by Jennifer Odom
Nana handed me the bottle with its scant leftovers of eau de cologne from her younger, fancier life. I took a sniff. Wisteria! I caressed the chipped label with its lavender grape-like flowers. I was only ten, but this container was an antique, and inside it was my first blessed encounter with the sweet fragrance of wisteria. In fact, it smelled so delicious, I feared it would run out, so I treasured the bottle, unused, for years until its few precious drops grew dark and gummy from evaporation.
I’ll never forget the real wisteria vine, either, that grew up the trunk of Nana’s pine tree. Its flowers were so high I could hardly see them at the top, and of course couldn’t smell them. I wanted a vine like that, too, with lavender petals falling on my yard.
So I asked my daddy.
“Oh, no,” he said. “Not a wisteria vine. That thing can choke a tree.”
He wasn’t exaggerating. The vine can run wild if left unchecked, and is hard to destroy if that happens.
Disheartened, I continued to harbor the thought that one day I’d own one.
My husband, an inveterate vine-hater, has also discouraged the idea. I admit, the vine does need just the place to flourish, and it isn’t my yard. So I hold off from actually gathering seeds or purchasing a vine.
Though the vine is unruly, some people do have a knack for keeping it under control. Wisteria will only climb to the height of its trellis or tree. It can be trimmed and cultivated…away from trees.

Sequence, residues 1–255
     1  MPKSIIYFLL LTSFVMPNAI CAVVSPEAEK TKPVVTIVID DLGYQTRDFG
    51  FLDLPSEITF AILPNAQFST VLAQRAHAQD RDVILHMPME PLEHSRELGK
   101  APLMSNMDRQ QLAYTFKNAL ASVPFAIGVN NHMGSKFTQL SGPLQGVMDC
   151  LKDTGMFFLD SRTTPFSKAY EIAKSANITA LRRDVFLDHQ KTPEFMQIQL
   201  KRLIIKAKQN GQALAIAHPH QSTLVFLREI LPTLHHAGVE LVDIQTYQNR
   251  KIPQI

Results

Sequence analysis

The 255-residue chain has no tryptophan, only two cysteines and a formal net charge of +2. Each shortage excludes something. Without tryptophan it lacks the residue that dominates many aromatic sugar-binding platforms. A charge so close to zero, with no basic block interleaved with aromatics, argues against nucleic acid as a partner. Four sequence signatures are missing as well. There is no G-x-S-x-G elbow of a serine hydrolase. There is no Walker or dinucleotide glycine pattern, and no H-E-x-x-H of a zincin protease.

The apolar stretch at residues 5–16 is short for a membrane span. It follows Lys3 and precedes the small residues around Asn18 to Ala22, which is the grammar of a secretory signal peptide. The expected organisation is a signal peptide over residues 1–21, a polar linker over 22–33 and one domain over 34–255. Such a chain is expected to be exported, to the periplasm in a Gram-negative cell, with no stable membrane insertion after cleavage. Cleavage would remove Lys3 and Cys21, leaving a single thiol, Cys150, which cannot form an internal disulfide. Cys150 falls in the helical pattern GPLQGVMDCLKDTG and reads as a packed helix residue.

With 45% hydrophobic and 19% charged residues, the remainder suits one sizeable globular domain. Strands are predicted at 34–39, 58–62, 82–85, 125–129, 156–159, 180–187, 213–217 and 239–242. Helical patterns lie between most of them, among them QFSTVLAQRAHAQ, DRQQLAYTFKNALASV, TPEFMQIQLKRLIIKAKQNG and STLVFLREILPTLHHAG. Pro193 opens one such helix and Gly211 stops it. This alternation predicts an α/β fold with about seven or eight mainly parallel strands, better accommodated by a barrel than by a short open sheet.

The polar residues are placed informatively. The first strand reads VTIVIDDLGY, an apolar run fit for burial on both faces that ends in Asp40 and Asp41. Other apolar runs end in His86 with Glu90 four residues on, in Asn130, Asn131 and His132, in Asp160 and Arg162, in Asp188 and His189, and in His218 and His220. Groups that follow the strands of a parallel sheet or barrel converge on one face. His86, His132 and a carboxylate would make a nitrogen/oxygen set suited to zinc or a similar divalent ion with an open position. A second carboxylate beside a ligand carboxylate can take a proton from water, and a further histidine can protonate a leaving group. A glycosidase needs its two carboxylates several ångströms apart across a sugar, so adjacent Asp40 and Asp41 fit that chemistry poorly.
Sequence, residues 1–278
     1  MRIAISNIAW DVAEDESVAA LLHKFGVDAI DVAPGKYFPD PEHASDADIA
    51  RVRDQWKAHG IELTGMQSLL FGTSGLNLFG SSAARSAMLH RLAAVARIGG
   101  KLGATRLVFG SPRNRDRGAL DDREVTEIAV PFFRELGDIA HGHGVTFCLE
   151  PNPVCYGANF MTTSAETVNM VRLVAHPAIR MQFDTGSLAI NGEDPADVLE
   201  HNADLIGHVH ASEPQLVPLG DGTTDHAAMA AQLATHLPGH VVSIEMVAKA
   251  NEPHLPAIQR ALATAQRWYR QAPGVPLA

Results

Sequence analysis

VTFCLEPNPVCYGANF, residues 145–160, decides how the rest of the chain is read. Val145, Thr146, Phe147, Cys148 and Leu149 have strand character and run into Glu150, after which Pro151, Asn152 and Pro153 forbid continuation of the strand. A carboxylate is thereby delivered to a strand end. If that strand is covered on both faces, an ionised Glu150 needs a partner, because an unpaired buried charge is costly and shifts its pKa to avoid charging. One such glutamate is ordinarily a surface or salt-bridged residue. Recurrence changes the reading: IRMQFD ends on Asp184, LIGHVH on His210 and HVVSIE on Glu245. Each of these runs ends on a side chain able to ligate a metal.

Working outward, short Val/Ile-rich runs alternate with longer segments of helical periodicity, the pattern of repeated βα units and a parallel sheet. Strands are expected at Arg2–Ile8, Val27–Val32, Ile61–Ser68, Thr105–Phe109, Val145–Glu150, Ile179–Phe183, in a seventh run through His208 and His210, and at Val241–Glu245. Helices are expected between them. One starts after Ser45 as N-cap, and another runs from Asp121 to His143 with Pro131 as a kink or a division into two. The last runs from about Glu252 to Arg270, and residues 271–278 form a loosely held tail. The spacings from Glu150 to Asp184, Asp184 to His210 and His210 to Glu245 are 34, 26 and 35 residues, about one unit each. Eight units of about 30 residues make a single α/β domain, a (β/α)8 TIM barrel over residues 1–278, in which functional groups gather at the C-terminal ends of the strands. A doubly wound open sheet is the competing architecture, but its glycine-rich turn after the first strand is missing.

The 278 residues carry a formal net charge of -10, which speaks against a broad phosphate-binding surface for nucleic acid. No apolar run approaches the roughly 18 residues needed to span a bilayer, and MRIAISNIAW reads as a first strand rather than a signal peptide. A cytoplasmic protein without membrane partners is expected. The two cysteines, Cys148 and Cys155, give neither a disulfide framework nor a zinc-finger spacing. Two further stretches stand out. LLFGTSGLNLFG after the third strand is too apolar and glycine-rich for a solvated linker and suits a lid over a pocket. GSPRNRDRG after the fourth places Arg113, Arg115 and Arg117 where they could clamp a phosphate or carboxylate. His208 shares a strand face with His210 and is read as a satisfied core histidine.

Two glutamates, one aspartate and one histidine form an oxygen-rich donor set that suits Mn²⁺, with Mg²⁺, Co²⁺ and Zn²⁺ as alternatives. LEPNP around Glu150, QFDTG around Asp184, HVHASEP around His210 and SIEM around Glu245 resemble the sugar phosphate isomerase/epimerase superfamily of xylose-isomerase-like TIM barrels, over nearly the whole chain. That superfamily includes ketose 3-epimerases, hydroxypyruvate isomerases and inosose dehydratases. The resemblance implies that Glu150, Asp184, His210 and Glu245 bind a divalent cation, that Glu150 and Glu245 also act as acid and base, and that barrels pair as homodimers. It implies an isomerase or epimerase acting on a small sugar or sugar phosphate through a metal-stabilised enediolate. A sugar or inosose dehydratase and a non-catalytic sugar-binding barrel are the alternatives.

I especially appreciate the people who do make the effort.
And this year, 2018, has been an especially good year for wisteria, maybe because of all the cold weather.
Even after wisteria’s short blooming period has expired, its old blooms will shed a beautiful purple carpet beneath the vine.
At this time of year, whenever I spot a nice wisteria growing along the roadways I’m sure to point it out.
Sometimes I’ll stop the car along an undeveloped woodland and pick a bloom to lay across my console. Of course, it falls right to pieces and makes a mess. Even in a vase the bloom slumps and falls apart. Yet it’s worth my trouble just to inhale a few minutes worth of that heavenly scent in the car.
Thank you, Nana, for that little antique bottle with its precious drops of wisteria cologne. I have no idea where it disappeared to, and I’ve never found a good wisteria cologne since, but I’ll never forget it.
I can truly say, I am thankful that God created the beautiful wisteria vine, and if you see me picking a flower out by the road or sniffing around at your wisteria trellis, well, sorry. I just couldn’t help myself.
Learn more about wisteria and types that might not be so fragrant, but are Florida natives and aren’t so invasive: http://gardeningsolutions.ifas.ufl.edu/care/weeds-and-invasive-plants/wisteria.html